I spent Christmas with my family – as many other folk do. But the room I was staying in didn’t have a radio! Now this is a calamitous state of affairs in my book. There wasn’t a spare kicking around. And while I carry a portable, it doesn’t have a speaker.
No problem – I shall just buy a cheap DAB radio and “gift it” to the room. There was a nearby Argos, so off I trotted.
Now I’d probably argue that the long-term future of radio-only devices is limited. Most of us are looking for multi-functional audio kit these days. We perhaps expect to be able to stream audio from our phones to devices via Bluetooth, and even charge them. But there’s still a call for radios. They do a job, and they [usually] do it well.
In this instance, a simple radio met the bill. Ideally something that didn’t sound terrible. But nothing pricey. I chose a Bush model from the Argos catalogue. Not a name brand like Roberts or Pure, but cheap and should do the job. It didn’t even look too bad. Note that it was £29 rather than £59 when I bought it, and it was in stock (a vital requirement).
And then I got it home and turned it on. At least I tried to turn it on. You see, none of the buttons on the front seemed to be the on/off switch. There are no buttons on the sides or the top. But around the back just beyond where the power cable goes into the radio, there’s an on/off switch.
That’s right, some complete idiot decided that perhaps the single most important switch on the whole device, should be hidden away around the back. You have to reach past the power cable, which is in line with it, to get to it.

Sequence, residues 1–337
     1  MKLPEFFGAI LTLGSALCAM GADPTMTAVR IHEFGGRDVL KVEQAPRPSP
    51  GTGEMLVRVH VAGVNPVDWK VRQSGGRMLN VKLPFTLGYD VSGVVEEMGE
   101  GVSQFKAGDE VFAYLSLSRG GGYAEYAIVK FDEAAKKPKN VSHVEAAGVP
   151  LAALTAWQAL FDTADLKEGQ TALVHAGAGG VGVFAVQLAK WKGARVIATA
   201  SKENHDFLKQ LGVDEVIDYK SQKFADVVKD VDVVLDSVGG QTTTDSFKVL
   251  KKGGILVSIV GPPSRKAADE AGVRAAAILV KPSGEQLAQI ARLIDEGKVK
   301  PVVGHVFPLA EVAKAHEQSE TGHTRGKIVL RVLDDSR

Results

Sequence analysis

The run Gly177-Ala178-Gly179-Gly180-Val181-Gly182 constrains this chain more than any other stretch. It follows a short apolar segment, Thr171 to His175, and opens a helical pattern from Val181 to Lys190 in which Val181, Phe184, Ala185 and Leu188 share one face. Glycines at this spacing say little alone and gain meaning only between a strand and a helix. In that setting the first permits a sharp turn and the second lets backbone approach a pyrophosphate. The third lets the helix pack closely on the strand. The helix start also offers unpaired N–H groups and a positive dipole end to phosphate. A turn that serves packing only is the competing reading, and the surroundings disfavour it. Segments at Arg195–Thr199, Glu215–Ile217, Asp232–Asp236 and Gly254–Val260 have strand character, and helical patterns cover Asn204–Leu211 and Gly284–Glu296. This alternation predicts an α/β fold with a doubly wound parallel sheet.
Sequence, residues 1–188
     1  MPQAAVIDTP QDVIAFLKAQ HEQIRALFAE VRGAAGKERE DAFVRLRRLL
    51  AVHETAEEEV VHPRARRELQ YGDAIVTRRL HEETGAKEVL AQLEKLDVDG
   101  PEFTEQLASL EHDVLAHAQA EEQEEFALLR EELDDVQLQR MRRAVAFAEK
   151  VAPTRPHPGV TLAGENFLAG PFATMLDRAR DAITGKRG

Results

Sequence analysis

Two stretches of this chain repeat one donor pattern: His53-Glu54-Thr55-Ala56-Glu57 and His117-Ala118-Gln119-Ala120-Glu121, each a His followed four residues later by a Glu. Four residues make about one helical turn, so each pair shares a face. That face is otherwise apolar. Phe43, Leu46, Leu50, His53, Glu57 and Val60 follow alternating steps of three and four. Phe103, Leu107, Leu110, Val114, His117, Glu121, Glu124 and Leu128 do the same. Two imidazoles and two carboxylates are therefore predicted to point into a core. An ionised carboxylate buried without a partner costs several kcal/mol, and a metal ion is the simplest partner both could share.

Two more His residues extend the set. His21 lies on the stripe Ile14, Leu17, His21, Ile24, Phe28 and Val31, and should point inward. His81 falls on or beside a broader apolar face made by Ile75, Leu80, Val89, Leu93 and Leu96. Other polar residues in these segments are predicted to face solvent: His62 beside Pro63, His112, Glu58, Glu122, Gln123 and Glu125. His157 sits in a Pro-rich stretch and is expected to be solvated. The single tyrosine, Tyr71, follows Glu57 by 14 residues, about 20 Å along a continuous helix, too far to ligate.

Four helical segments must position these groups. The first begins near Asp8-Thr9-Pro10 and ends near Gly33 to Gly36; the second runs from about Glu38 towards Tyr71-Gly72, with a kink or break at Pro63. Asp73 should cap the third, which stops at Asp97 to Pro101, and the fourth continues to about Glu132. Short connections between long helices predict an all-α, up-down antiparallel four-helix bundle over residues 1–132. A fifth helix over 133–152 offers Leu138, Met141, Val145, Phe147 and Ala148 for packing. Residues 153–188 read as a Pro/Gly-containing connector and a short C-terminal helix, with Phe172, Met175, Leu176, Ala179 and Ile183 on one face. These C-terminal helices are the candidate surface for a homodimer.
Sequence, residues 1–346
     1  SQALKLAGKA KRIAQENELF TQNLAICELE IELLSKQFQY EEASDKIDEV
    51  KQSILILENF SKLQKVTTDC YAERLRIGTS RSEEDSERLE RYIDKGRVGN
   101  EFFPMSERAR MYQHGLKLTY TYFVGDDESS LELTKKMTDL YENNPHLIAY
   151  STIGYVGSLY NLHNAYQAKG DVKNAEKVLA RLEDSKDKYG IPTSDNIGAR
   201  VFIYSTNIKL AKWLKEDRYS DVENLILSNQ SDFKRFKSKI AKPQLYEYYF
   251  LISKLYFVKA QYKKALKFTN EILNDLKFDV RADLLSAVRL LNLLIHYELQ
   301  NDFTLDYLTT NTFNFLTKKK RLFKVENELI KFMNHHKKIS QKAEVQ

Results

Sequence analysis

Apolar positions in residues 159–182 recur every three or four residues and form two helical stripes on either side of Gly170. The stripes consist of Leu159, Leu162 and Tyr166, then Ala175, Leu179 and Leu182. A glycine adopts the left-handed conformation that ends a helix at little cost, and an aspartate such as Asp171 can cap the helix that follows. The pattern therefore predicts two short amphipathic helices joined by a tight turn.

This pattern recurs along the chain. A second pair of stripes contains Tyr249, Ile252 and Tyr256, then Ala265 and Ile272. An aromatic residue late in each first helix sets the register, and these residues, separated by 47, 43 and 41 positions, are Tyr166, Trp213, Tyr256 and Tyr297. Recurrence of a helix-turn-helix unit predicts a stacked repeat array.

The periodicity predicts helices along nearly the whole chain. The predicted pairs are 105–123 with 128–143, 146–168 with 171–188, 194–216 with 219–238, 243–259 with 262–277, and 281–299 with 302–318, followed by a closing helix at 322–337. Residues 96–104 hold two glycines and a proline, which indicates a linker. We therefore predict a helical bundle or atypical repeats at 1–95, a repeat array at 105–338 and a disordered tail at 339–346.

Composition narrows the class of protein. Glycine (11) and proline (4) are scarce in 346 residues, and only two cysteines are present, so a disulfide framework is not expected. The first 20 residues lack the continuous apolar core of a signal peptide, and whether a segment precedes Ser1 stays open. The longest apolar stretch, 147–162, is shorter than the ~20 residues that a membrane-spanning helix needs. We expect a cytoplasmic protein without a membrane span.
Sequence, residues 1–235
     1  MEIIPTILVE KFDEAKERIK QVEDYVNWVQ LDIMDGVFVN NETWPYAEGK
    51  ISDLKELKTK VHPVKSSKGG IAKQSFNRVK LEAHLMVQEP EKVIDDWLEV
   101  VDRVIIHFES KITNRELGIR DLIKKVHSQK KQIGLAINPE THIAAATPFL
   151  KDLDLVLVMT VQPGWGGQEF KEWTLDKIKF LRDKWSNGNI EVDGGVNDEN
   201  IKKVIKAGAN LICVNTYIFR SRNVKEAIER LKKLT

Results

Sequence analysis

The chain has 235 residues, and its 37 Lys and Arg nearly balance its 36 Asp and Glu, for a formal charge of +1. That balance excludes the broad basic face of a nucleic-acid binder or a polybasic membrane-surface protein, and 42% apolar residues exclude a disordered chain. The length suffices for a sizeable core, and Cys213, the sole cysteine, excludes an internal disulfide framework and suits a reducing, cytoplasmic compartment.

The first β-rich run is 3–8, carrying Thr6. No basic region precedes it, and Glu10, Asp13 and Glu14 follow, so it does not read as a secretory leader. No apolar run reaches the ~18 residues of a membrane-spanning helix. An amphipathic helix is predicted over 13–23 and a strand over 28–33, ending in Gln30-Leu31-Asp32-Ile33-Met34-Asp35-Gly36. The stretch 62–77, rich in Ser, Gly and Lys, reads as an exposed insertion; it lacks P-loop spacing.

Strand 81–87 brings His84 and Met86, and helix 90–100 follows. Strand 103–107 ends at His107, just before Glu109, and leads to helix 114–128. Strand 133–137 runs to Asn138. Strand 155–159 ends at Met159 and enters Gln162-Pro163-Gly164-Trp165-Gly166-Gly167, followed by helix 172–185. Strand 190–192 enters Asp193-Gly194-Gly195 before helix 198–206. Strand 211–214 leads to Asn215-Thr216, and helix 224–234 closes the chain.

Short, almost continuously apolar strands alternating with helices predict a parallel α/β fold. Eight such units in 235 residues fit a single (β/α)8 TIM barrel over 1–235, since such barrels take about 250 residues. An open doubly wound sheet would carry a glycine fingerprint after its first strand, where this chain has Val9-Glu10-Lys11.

This is a button which you need to use every time you use the radio!
You can see it at the bottom of this picture.
If it hadn’t been the run-up to Christmas, I would have returned it. But I just couldn’t be bothered. It’ll hardly get used anyway. But that’s not the point. There are 11 buttons on the front of the radio (more than needed, but not necessarily well laid out), any one of which could have been used for the power button.
As others have noted, having a button which tells you the frequency of the multiplex you’re listening to is not really a consumer feature, yet we offer it – up front and central. Whereas in this instance, a power button is hidden away.
It’d be easy to blame it on engineers. But that’s unfair to engineers. This is just idiocy.
The Bush Stereo DAB Radio – definitely not recommended.
(In terms of performance, it’s fine. It quickly picked up all the expected multiplexes and services, and the sound was average which is all you’d expect at this price point. But I’ve certainly heard worse. The select button is not particularly close to the up/down buttons. But you’re not going to buying this radio anyway.)
Incidentally, Bush is not the only purveyor of bad design. When I had a moan about this radio on Google+ (I do occasionally use it), someone else replied that they weren’t happy with the confirmation required to switch off the device on the Pure Evoke Flow.